Why do you need a physio diagnosis?





Diagnosis is the identification of the nature and cause of a certain phenomenon, an experience to determine “cause and effect.” It is a brief conclusion about the pathological condition, existing disease, injuries, or the cause of death of a person under investigation. It forms the most important part of any consultation along with treatment. Diagnosis and classification in Physical Therapy are complementary to the diagnosis made by other healthcare practitioners. The role of a practitioner of Physical Therapy has changed from a mere technician following prescriptive orders to an independent health-care professional with sound scientific knowledge and evidence-based practice.


The aim of Physical Therapy Diagnosis (PTD) or Functional Diagnosis (FD) is to diagnose movement system impairments to guide intervention for health optimisation such that the disability can be minimised. The objective is clearly focused in the expertise of identifying clusters of movement system dysfunction and classifying them rather than diseases. Treatment effectiveness and prognosis are further mapped for a particular classification of movement system impairment using function as an outcome. This not only increases effectiveness of practice but also contributes to health care and research.


The process of clinical reasoning is by which a therapist interacts with a patient, collecting information, generating and testing hypotheses, and determining optimal diagnosis and treatment based on the information obtained. It has been defined as “an inferential process used by practitioners to collect and evaluate data and to make judgments about the diagnosis and management of patient problems".


Clinical reasoning is “the sum of the thinking and decision-making processes associated with clinical practice”. During this process, the therapist analyses multiple variables contributing to the patient’s limited physical capacity (the ability to execute a task or action in a standard environment) and performance (what the patient can do in his or her own current environment). The key elements of the process include generation of hypotheses of factors assumed to underlie the limitations of physical capacity and performance and postulation of the magnitude of those factors. The therapist interacts with the patient and other persons involved in the patient's care (family, other health care professionals) and guides the patient in finding meaningful goals and health management strategies. All decisions and actions need to be made in line with professional ethics and community expectations.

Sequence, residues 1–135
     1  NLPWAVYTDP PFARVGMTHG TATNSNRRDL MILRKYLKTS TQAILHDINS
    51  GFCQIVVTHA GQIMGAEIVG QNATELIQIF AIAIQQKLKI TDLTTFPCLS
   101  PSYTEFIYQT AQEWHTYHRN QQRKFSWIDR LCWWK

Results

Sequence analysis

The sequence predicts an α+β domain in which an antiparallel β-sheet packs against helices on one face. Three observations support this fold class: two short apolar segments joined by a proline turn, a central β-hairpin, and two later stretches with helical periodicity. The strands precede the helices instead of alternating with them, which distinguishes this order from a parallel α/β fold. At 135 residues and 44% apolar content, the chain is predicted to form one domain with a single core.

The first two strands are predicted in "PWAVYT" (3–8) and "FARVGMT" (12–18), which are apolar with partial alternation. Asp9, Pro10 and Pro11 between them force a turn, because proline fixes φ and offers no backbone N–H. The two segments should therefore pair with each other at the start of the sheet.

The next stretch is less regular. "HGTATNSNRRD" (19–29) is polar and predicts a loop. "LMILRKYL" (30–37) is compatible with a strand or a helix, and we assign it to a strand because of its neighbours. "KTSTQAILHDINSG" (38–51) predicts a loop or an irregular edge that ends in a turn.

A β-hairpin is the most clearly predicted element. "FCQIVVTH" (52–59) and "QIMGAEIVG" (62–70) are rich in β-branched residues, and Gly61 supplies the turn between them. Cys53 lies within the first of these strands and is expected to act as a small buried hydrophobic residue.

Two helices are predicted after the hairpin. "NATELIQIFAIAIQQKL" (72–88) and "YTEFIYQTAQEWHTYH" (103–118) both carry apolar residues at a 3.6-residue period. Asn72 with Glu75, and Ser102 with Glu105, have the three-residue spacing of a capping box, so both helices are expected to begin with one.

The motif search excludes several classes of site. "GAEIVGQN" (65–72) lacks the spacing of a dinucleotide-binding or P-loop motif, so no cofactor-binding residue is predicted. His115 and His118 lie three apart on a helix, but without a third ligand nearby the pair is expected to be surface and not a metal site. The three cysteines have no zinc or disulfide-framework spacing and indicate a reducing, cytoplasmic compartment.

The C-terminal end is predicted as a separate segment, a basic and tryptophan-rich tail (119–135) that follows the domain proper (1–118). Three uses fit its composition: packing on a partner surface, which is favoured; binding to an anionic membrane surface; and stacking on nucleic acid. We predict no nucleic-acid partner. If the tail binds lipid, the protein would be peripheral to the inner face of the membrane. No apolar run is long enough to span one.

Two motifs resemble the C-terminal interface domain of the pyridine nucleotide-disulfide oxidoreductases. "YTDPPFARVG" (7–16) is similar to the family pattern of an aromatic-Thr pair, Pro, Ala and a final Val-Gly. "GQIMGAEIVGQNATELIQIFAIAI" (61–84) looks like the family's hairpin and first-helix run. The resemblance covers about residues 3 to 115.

Clinical Reasoning is integral to physiotherapy practice. The most common form of clinical reasoning within the physiotherapy profession is hypothetico-deductive reasoning. Within hypothetico-deductive reasoning, the clinician gains initial clues in regards to the patient's problem (from the subjective assessment), which forms the initial hypotheses in the therapist's mind. Further data is collected in the objective assessment, which may confirm or negate the hypotheses. Continual hypothesis generation may occur during management and reassessment.


Clinical reasoning consists of the following five dimensions

• cognition

• a discipline-specific knowledge base

• metacognition, which means the individual’s awareness of his/her way of thinking

• the role of the patient in the decision-making process

• contextual interaction


Reflection after the initial assessment and also after the subsequent sessions will help the therapist to recognise patterns and their clinical reasoning process will improve.


This approach is a content-specific process requiring rules and knowledge related to the text and context. The types vary according to different clinical cases or problems. It involves comparing, testing and analysing the case to determine what will be next in protocol and this keeps on going in cycle till a desired result is achieved.


Despite the desire of the physiotherapist to find logical connections between signs and symptoms that lead to specific functional diagnoses, this is not always readily achieved. In such instances, failure to get the pieces that will solve the puzzle may prove troubling and discomforting. Physiotherapists are certified to give referrals to GP’s, X-ray scans, MRIs etc. to gain a better understanding of your condition that presents.



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